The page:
Aim: In Saudi Arabia, the incidence of colorectal cancer (CRC) is increasing. Lifestyle modification, including diet and physical activity, is as important as the standard procedure of colonoscopy screening in reducing CRC development. I explored the dietary intake, physical activity, and selected nutritional biomarkers in Saudi patients with colorectal polyps, a precursor of CRC. Methods: Thirty polypectomy patients (aged 35–84 years) were recruited from an endoscopy unit at King Abdulaziz University Hospital. Demographic, anthropometric, physical activity, and food frequency data were collected. Plasma C-reactive protein, serum 25-hydroxy vitamin D, and folate levels were measured. Results: The median body mass index (BMI) of the patients was within the overweight cut-off range. The median consumption of carbohydrate and protein was within the recommended dietary allowance (RDA). Median fat consumption was above the RDA, while median fiber intake was below the RDA. Patients met the recommended servings/day of fruits, vegetables, dairy products, and protein but exceeded the recommended intake of fats and sweets. Most patients were non-active, with an inadequate level of serum vitamin D. Conclusion: We observed several risk factors previously associated with CRC, including low levels of physical activity, serum vitamin D, and fiber intake, and high BMI and fat intake among polypectomy patients. Full article
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Review

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Review
Clinical Impact of Sarcopenia on Gastrointestinal Tumors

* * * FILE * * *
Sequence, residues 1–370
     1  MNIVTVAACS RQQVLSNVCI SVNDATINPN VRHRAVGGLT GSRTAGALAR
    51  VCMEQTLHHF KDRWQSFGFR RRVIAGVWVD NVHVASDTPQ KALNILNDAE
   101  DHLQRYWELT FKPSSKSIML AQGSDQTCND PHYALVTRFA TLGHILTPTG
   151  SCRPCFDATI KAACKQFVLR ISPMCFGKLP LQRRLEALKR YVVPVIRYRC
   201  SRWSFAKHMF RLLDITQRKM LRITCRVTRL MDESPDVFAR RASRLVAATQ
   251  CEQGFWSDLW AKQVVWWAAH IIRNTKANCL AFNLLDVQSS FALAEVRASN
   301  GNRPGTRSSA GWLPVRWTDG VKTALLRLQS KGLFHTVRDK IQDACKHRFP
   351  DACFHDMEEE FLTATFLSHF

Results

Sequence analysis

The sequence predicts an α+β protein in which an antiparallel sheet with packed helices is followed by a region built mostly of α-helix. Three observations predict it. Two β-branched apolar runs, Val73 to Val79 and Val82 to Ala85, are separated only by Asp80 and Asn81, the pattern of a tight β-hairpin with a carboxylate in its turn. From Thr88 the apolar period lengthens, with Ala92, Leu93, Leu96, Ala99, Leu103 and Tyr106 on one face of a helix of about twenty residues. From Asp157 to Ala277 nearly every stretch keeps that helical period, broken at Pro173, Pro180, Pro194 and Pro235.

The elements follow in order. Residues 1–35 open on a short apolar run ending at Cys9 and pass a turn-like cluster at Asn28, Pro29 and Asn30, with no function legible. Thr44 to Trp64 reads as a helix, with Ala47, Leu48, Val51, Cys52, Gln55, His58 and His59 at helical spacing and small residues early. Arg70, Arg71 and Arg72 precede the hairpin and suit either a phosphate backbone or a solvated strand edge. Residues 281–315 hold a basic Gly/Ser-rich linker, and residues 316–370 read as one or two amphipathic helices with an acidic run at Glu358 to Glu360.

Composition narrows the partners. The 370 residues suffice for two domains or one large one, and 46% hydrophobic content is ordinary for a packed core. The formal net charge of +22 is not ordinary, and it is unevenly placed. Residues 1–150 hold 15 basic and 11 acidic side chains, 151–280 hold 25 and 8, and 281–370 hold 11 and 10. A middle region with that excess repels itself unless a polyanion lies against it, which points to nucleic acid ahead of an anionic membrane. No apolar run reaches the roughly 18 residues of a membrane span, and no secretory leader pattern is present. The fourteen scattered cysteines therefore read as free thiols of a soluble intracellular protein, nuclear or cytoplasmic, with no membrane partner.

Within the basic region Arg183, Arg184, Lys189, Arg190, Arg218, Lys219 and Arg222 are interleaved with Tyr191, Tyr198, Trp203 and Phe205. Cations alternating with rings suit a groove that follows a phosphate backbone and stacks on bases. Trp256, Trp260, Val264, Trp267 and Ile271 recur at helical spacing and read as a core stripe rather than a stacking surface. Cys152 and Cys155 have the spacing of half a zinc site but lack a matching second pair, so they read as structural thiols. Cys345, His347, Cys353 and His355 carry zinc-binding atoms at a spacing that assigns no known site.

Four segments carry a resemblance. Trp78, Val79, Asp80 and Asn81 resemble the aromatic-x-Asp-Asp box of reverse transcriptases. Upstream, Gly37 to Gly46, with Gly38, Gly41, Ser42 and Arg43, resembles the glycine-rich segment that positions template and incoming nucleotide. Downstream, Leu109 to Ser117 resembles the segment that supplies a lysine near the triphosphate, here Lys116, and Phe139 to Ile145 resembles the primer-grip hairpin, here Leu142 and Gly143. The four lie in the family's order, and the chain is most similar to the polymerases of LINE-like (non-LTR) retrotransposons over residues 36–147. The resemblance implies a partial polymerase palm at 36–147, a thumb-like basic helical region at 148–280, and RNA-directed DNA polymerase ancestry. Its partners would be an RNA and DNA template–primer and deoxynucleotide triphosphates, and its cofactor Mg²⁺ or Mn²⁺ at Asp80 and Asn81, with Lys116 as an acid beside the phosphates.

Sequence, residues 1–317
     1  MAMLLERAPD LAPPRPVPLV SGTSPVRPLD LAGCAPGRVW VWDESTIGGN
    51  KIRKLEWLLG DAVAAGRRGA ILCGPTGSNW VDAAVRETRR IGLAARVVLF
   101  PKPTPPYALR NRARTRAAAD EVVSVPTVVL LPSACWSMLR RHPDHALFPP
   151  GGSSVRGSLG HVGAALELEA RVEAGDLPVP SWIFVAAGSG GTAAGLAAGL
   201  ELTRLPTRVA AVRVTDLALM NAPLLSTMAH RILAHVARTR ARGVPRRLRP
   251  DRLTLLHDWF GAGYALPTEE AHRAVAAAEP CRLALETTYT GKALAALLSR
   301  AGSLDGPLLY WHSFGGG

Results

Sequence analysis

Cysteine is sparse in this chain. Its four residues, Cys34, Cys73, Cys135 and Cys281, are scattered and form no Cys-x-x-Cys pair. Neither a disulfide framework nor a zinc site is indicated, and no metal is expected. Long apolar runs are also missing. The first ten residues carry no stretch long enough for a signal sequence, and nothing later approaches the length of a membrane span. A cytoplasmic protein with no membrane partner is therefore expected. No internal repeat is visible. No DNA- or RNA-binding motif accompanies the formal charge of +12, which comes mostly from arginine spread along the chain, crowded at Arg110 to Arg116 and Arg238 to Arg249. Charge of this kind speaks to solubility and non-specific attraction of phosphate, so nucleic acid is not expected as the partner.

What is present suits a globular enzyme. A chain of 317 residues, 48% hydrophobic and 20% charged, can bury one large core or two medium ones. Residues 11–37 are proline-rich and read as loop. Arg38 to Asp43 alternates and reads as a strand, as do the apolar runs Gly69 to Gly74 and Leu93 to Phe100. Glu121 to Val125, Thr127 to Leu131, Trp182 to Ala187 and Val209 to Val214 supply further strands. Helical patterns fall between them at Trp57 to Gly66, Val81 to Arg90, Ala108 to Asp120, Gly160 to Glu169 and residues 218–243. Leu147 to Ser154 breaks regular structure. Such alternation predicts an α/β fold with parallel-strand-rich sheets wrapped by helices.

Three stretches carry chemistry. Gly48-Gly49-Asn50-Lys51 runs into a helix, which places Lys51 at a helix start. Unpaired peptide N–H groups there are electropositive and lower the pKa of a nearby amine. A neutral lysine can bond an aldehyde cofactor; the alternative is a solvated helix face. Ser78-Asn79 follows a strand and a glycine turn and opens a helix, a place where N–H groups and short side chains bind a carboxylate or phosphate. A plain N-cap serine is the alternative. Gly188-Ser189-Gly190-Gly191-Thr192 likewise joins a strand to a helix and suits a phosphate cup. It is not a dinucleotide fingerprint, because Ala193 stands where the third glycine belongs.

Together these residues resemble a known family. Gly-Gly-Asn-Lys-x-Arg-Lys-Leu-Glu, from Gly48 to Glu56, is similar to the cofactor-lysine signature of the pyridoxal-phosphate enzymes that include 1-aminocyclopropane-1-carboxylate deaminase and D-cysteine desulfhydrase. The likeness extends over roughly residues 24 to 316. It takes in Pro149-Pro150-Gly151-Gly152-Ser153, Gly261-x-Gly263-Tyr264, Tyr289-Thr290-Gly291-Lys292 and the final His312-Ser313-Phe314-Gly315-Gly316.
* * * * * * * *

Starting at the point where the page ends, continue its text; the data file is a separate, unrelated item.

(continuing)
Gastrointest. Disord. 2021, 3(1), 51-60; https://0-doi-org.brum.beds.ac.uk/10.3390/gidisord3010006 - 23 Mar 2021
Viewed by 599
Abstract
Preoperative risk stratification in cancer surgery is important to improve treatment and outcome. Sarcopenia is defined by progressive and generalized loss of skeletal muscle mass and strength and is now getting attention as a poor prognostic factor. The purpose of this review was [...] Read more.
Preoperative risk stratification in cancer surgery is important to improve treatment and outcome. Sarcopenia is defined by progressive and generalized loss of skeletal muscle mass and strength and is now getting attention as a poor prognostic factor. The purpose of this review was to explore the impact of sarcopenia on short and long-term outcomes in patients undergoing surgical resection of gastrointestinal tumors. Recent studies suggest that sarcopenia contributes to postoperative complications and overall survival. The relatively simple evaluability, as well as its modifiable nature, provides an intriguing potential for sarcopenia to be included in standard preoperative clinical evaluation. Such evaluations can provide physicians with important information to target high-risk individuals with prophylactic measures and eventually improve surgical outcomes. Full article